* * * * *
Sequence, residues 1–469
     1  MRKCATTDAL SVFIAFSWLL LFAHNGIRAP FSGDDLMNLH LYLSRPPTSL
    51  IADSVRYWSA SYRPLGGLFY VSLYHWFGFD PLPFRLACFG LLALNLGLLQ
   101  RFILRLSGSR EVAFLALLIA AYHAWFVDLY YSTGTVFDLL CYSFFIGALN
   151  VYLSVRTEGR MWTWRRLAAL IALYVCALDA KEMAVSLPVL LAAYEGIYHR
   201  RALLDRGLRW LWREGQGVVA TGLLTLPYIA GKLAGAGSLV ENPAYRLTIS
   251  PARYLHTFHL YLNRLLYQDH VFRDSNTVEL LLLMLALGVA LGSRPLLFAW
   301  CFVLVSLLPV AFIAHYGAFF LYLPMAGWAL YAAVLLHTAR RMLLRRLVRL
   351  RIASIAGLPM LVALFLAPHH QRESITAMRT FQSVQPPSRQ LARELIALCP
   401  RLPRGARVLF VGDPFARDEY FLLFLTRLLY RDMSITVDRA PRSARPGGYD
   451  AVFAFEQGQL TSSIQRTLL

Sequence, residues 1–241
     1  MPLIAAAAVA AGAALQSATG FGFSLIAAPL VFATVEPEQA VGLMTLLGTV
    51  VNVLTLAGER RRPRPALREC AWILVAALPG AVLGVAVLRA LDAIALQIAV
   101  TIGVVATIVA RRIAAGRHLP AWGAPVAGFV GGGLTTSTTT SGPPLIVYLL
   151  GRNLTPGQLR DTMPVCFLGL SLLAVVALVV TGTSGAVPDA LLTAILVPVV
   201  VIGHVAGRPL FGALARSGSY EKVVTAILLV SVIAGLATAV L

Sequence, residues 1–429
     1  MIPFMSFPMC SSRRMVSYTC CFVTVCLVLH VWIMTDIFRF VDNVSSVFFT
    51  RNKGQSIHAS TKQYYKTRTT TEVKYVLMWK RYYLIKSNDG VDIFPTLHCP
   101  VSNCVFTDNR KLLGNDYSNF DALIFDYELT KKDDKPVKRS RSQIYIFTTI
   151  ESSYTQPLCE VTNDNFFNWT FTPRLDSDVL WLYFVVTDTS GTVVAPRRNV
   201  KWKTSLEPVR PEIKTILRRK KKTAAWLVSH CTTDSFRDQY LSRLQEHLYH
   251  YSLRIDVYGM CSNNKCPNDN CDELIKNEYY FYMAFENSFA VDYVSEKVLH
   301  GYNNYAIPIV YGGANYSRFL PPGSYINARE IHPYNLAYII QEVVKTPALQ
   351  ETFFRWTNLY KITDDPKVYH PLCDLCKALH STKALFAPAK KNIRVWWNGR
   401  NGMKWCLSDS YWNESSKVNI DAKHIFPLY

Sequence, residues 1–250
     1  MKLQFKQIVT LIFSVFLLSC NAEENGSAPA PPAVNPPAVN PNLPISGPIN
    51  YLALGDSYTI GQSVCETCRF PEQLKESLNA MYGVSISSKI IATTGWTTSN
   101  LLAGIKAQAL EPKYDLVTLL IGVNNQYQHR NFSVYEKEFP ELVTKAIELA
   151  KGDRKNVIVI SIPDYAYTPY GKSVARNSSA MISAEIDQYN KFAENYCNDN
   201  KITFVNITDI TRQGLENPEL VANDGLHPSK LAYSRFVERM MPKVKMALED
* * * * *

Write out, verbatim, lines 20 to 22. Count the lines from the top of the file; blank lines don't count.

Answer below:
    51  RNKGQSIHAS TKQYYKTRTT TEVKYVLMWK RYYLIKSNDG VDIFPTLHCP
   101  VSNCVFTDNR KLLGNDYSNF DALIFDYELT KKDDKPVKRS RSQIYIFTTI
   151  ESSYTQPLCE VTNDNFFNWT FTPRLDSDVL WLYFVVTDTS GTVVAPRRNV